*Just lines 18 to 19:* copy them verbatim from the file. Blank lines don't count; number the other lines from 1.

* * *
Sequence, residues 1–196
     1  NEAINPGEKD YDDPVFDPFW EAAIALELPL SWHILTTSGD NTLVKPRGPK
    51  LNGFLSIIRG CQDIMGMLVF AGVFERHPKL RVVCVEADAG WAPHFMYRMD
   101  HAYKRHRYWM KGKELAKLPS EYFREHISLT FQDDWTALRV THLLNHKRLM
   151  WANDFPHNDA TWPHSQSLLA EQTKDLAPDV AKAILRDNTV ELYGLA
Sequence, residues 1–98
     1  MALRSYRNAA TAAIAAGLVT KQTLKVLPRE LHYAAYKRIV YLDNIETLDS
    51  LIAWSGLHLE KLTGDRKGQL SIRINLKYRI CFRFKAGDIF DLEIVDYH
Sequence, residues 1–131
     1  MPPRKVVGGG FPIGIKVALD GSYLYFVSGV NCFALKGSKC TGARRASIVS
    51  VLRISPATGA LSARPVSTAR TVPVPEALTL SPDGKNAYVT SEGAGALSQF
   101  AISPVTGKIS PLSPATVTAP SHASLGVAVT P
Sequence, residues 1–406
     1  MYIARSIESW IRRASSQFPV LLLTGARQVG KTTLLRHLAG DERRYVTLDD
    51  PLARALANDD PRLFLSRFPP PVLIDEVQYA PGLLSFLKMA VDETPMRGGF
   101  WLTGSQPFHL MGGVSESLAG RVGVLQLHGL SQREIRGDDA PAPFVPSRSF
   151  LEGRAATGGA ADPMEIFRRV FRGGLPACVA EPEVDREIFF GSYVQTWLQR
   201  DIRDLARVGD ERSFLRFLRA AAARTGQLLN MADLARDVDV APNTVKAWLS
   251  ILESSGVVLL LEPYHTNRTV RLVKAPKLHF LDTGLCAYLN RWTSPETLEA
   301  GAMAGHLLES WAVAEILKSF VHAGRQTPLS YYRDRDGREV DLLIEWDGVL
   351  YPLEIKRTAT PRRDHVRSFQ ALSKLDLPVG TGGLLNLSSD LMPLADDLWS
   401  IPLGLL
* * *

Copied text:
   201  DIRDLARVGD ERSFLRFLRA AAARTGQLLN MADLARDVDV APNTVKAWLS
   251  ILESSGVVLL LEPYHTNRTV RLVKAPKLHF LDTGLCAYLN RWTSPETLEA